Last spring at a Society of Children’s Book Writers and Illustrators conference, I attended the workshop, “What is Voice? Definitions and Tools to Understand and Craft Voice in Your Writing.” The presenter, Brett Duquette, did an excellent job of defining “voice” and detailing ways to develop it in writing. He also gave a list of “required reading” for voice and one of the books I especially loved was, The Absolutely True Diary of a Part-Time Indian, by Sherman Alexie. The main character, Arnold Spirit Jr. is a fourteen-year-old Indian living on a reservation, who was born with “water on the brain”, grew ten extra teeth, stutters and has a lisp. He also has the most engaging voice I have read in a long time. Early in the book, after telling how skinny he used to be, he goes on to say,
“But my hands and feet were huge. My feet were a size eleven in third grade! With my big feet and pencil body, I looked like a capital L walking down the road.”
Life on the reservation was hard for Arnold and his speech difficulties made it even harder, as you’ll see in the following passage:
“You wouldn’t think there is anything life threatening about speech impediments, but let me tell you, there is nothing more dangerous than being a kid with a stutter and a lisp.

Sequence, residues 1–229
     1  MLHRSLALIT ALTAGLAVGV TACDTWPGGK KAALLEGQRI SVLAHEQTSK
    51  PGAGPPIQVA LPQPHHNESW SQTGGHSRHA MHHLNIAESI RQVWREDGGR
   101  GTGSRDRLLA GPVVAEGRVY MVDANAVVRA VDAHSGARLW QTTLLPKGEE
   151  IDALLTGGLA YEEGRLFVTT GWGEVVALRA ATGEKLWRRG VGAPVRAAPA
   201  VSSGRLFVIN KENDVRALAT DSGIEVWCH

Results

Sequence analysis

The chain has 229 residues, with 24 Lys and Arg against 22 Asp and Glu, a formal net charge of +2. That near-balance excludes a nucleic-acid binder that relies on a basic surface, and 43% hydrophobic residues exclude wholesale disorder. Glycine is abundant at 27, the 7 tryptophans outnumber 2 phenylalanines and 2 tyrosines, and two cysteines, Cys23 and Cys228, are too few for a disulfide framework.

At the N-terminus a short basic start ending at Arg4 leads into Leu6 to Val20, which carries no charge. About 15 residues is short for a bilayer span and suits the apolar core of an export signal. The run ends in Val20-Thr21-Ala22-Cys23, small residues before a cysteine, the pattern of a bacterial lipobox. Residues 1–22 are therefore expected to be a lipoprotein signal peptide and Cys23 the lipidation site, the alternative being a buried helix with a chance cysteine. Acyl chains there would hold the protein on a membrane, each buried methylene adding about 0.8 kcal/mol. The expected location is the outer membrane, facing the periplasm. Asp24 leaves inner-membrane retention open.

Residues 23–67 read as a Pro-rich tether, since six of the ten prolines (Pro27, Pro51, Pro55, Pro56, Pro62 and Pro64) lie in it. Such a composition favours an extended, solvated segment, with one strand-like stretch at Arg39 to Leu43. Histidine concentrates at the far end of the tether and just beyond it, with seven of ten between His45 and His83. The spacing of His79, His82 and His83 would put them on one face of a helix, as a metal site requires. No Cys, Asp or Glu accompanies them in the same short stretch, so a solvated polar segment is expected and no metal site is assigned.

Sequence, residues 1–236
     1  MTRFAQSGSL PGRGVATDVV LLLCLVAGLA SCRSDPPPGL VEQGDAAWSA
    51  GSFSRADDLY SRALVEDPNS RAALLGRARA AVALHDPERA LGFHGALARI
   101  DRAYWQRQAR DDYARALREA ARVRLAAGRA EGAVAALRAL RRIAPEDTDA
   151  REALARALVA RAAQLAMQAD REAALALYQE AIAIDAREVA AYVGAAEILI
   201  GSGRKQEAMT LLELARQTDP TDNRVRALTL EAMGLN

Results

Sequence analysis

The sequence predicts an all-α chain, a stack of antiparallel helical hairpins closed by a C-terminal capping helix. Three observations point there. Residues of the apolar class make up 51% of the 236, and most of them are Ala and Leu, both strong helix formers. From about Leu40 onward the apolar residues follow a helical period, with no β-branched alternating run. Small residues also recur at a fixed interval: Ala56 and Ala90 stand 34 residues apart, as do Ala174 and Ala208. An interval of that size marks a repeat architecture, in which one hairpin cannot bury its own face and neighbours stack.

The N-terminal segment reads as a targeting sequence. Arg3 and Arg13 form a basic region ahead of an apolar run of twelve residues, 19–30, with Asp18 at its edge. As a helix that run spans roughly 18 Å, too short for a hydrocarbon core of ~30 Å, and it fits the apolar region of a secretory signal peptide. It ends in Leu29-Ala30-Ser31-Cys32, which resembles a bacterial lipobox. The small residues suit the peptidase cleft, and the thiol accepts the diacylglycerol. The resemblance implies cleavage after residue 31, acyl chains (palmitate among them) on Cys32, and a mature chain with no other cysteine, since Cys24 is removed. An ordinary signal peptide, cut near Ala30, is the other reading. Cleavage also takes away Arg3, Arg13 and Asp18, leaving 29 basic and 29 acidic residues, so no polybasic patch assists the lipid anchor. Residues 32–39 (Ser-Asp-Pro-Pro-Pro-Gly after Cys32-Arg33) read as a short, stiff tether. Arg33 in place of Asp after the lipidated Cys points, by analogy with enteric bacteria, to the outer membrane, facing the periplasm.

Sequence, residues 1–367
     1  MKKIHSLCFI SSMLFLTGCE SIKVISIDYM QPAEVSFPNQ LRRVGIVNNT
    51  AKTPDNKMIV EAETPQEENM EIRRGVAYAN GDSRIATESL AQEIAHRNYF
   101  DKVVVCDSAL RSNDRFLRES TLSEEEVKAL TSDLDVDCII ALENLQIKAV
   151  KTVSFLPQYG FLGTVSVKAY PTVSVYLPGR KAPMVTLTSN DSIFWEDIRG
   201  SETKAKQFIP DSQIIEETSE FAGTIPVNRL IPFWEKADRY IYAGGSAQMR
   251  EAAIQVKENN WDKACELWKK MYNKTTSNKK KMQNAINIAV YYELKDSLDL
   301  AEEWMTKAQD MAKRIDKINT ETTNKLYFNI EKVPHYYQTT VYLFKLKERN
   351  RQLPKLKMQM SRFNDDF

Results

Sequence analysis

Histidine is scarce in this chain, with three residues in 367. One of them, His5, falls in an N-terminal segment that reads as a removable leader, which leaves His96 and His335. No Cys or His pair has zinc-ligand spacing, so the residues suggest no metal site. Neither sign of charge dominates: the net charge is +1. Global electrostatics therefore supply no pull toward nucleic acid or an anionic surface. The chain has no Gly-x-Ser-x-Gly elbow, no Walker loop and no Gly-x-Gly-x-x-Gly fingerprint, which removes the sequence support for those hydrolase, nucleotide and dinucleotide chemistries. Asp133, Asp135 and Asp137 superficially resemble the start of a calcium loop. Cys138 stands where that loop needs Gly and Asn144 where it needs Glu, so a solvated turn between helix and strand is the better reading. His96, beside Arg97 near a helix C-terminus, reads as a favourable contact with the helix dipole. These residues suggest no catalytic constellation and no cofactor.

A five-year-old is cute when he lisps and stutters. Heck, most of the big-time kid actors stuttered and lisped their way to stardom.
And jeez, you’re still fairly cute when you’re a stuttering and lisping six-, seven-, and eight-year-old, but it’s all over when you turn nine and ten.
After that, your stutter and lisp turn you into a retard.
. . .
Do you know what happens to retards on the rez?
We get beat up.
At least once a month.
Yep, I belong to the Black-Eye-Of-the-Month Club.”
This book, based on the author’s own experiences, is beautifully written. Alexie’s humor makes his insights all the more striking. And the illustrations by Ellen Forney are inspired. She depicts the cartoons Arnold creates throughout the story. At the end of the first chapter, Arnold speaks of these drawings,
“I think the world is a series of broken dams and floods, and my cartoons are tiny little lifeboats.”
I think he is right about the world where many of my students live. I also think we all – speech therapists, teachers, parents and writers – can build a variety of lifeboats through compassion, encouragement, instruction and by each using our own voice.